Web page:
David, Moderator posted:
mimichan posted:
Is just a different speech part in this these sentences?

Yes, Mimichan, "just" is an adverb in one of the sentences and an adjective in the other. Can you tell in which sentence it is an adjective and in which it's an adverb?

Thank you!

I think the first one is an adjective, but I don't understand why it is an adverb in the second one.

Hi, Mimichan,

You're right that "just" is an adjective in the first sentence, as it modifies the noun "man":

1. He is a just man.

"just" is an adverb when it is equivalent to "only":

2. He is just a man = He is only a man.

Now, the question is why "just" is an adverb in the second sentence. By definition, adverbs modify verbs, adjectives, or other adverbs. They sometimes modify whole sentences. We'll see what David says, but I think that in this case "just" modifies the verb phrase "is (a man)." Notice that "just" comes after the verb "be" but will precede other verbs, in which case the verb-adverbial modifier relationship becomes clearer:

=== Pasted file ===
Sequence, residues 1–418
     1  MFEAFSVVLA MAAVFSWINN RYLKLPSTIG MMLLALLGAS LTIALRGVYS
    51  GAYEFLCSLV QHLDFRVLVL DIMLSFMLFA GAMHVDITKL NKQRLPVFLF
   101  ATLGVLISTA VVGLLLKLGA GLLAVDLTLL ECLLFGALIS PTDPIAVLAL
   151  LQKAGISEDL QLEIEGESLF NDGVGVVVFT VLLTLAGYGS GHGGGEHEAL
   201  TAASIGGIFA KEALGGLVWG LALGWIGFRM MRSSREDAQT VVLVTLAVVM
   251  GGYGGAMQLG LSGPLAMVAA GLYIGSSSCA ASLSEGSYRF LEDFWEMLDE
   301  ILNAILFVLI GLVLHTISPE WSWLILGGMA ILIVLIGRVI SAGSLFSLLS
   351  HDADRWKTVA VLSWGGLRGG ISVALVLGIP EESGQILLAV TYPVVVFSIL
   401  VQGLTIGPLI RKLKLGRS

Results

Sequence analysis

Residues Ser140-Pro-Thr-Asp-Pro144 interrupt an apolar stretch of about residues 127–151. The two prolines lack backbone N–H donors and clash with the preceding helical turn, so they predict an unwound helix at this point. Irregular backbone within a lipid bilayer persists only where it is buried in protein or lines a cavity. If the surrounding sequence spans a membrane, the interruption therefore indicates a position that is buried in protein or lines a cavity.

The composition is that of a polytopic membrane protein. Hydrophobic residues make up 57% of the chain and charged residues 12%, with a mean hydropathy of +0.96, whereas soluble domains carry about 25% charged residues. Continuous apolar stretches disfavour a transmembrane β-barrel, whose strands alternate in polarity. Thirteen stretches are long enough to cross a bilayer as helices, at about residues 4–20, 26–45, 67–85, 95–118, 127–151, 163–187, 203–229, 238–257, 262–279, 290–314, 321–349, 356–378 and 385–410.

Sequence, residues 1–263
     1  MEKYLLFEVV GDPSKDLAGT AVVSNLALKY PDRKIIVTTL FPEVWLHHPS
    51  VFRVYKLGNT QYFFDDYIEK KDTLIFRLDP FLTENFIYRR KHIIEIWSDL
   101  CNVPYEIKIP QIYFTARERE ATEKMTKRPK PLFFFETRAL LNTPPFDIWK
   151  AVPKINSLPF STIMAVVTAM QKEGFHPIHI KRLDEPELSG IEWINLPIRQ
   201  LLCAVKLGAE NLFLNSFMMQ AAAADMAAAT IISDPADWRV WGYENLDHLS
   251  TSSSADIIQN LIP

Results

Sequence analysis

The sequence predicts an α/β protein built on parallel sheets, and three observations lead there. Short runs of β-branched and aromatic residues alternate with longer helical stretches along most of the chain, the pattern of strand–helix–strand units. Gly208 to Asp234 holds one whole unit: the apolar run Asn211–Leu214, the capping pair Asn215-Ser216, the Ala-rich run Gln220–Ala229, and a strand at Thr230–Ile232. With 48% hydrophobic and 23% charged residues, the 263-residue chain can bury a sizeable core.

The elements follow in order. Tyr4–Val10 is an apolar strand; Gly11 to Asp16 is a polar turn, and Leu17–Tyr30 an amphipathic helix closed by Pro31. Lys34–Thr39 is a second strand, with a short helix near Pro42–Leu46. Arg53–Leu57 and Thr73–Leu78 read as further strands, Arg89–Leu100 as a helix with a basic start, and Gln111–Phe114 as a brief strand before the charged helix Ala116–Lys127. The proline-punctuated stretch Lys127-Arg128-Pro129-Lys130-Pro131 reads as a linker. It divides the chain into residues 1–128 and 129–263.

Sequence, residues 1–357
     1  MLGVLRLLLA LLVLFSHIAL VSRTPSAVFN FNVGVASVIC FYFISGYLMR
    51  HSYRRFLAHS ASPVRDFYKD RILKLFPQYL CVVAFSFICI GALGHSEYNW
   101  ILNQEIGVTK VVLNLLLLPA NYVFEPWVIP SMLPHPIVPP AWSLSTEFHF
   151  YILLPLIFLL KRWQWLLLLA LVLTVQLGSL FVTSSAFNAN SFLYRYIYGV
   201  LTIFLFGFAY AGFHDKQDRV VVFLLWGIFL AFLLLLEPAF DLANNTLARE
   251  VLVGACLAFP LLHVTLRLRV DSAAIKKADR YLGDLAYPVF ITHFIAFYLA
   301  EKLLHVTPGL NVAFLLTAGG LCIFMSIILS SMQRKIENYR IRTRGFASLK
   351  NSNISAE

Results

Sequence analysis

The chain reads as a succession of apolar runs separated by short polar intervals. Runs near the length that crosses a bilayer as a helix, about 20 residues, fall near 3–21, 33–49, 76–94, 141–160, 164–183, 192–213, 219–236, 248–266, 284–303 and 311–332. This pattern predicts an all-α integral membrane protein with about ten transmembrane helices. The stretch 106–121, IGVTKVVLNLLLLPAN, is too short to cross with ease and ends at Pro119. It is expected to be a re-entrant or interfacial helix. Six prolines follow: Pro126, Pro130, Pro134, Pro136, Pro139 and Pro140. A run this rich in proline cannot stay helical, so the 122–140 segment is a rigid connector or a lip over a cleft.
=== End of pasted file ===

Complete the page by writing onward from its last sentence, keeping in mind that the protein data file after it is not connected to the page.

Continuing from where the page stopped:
3. He just behaves like a man, but is actually just a boy.

Gustavo, Contributor posted:

Hi, Mimichan,

You're right that "just" is an adjective in the first sentence, as it modifies the noun "man":

1. He is a just man.

"just" is an adverb when it is equivalent to "only":

2. He is just a man = He is only a man.

Now, the question is why "just" is an adverb in the second sentence. By definition, adverbs modify verbs, adjectives, or other adverbs. They sometimes modify whole sentences. We'll see what David says, but I think that in this case "just" modifies the verb phrase "is (a man)." Notice that "just" comes after the verb "be" but will precede other verbs, in which case the verb-adverbial modifier relationship becomes clearer:

3. He just behaves like a man, but is actually just a boy.

Thank you!!!

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